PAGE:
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Samuel de Champlain




Samuel de Champlain

   In the spring of 1604, while looking for a suitable place for settlement, Samuel de Champlain landed at Cape Fourchu (Yarmouth).   He described this port as a good one for vessels at its entrance, but at its head it dried up almost completely at low tide.  There Champlain and his crew enjoyed excellent cod fishing.

   From that point they set sail northward looking for another harbor.   Along the way he described seeing a number of coves with soil that seemed suitable for cultivation.   He found the coast very clear, without islands, rocks or shoals, and in his opinion it was quite safe for ships.

   Not far offshore they visited an island called Long Island which has a passage into the great French Bay (later named Bay of Fundy).   He found the island to be covered in great numbers of pine and birch trees, and the shore to be bordered with many dangerous rocks.   He decided there were no suitable places for vessels except for a few little shelters at the end of the island and three or four rocky islets where Natives would capture seals.   He wrote of the great tides, especially at Petit Passage, which he felt was a very dangerous place for ships.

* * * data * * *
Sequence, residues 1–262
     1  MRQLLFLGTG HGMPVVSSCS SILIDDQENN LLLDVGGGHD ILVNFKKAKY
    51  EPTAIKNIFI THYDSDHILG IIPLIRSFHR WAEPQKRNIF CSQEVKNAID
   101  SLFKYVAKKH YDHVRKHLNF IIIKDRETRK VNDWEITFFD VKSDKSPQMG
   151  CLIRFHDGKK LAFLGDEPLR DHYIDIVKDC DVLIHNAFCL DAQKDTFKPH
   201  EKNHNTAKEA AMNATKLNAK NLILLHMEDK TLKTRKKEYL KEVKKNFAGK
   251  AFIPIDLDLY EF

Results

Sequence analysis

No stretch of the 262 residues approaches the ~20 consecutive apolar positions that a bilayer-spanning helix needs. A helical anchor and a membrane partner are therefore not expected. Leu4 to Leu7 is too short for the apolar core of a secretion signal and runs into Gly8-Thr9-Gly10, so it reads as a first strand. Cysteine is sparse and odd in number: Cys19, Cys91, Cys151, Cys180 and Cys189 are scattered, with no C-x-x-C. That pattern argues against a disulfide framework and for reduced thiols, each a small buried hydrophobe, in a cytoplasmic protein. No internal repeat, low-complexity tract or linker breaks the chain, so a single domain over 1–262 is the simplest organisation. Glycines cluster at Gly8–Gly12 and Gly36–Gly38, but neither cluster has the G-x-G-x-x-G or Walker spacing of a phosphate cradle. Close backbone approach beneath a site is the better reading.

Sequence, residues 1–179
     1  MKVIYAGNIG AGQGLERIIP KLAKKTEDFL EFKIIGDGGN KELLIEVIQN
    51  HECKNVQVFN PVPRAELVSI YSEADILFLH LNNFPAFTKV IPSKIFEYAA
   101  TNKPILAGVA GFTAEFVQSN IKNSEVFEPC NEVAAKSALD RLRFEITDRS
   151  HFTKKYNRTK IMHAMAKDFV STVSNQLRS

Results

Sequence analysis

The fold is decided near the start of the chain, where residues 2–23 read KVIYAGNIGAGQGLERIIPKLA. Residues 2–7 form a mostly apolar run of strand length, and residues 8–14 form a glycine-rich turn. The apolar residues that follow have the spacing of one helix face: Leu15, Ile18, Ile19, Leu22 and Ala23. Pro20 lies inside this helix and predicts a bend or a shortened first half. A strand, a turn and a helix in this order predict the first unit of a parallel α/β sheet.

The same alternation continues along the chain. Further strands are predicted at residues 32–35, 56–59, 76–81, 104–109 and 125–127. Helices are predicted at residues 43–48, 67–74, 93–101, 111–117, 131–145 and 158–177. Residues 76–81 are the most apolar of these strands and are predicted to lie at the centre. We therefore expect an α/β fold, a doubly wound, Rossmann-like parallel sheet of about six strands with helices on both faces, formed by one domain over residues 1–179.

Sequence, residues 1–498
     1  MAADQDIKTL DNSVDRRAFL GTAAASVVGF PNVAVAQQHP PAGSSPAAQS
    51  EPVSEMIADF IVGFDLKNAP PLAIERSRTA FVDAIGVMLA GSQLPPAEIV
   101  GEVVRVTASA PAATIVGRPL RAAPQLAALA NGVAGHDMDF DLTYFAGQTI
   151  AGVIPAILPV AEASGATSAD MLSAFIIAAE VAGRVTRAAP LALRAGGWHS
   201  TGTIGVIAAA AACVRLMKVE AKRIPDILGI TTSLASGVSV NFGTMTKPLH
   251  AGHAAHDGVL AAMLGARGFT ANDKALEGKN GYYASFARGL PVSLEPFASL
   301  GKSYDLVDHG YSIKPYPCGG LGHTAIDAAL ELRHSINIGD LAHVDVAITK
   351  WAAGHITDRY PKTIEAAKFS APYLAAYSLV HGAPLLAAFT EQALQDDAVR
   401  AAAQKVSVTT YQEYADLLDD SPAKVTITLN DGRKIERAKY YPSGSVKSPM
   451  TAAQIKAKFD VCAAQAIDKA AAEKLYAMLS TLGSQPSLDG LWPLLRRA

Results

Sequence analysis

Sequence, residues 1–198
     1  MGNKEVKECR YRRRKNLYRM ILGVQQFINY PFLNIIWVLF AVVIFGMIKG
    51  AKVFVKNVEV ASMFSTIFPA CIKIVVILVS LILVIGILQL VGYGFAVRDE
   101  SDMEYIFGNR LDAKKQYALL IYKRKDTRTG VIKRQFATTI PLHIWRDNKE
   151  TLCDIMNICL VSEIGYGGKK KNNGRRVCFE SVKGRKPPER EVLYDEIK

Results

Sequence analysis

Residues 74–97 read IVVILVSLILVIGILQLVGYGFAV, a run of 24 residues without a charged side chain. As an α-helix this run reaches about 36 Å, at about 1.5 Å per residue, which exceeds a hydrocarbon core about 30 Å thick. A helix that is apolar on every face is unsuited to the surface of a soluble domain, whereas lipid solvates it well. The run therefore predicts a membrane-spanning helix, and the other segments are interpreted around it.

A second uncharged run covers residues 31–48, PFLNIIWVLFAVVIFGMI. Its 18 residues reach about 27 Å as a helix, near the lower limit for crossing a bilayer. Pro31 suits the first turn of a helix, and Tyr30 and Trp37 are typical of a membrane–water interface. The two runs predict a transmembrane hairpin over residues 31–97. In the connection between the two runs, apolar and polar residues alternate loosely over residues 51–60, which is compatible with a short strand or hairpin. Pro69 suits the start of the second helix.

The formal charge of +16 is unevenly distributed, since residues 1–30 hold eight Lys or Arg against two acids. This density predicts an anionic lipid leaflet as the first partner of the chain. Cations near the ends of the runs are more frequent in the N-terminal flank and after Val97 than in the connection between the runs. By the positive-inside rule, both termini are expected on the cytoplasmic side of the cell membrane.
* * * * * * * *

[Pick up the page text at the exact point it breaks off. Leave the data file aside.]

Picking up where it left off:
From Long Island he sailed north-east and found a cove (now Mink Cove) where ships could anchor safely.  He found the bottom to be only mud and the shore was completely bordered by very high rocks.  There was also a very good silver mine that turned out to be galena, (an ore made of lead, often mistaken for silver ) which is of little value.

   Further up the coast they found a river named Du Boulay (now Little River), where the tide ran quite far up onto the land.  Du Boulay was a member of Montsí expedition and later became Champlainís brother-in-law.

   As they continued on they found a good harbor for vessels and an iron mine, which was estimated to yield fifty percent iron for each measure of ore.   This harbor is now called Sandy Cove, and the iron mine is on the St. Maryís Bay shore near Sandy Cove.

   They continued on their journey and came upon anther iron mine, near which was a river bordered by meadow.   The soil he described was red like blood.   This is now called Waterford.

   Samuel de Champlain and his crew continued on their journey and eventually settled at Port Royal around the Annapolis Basin in 1605.



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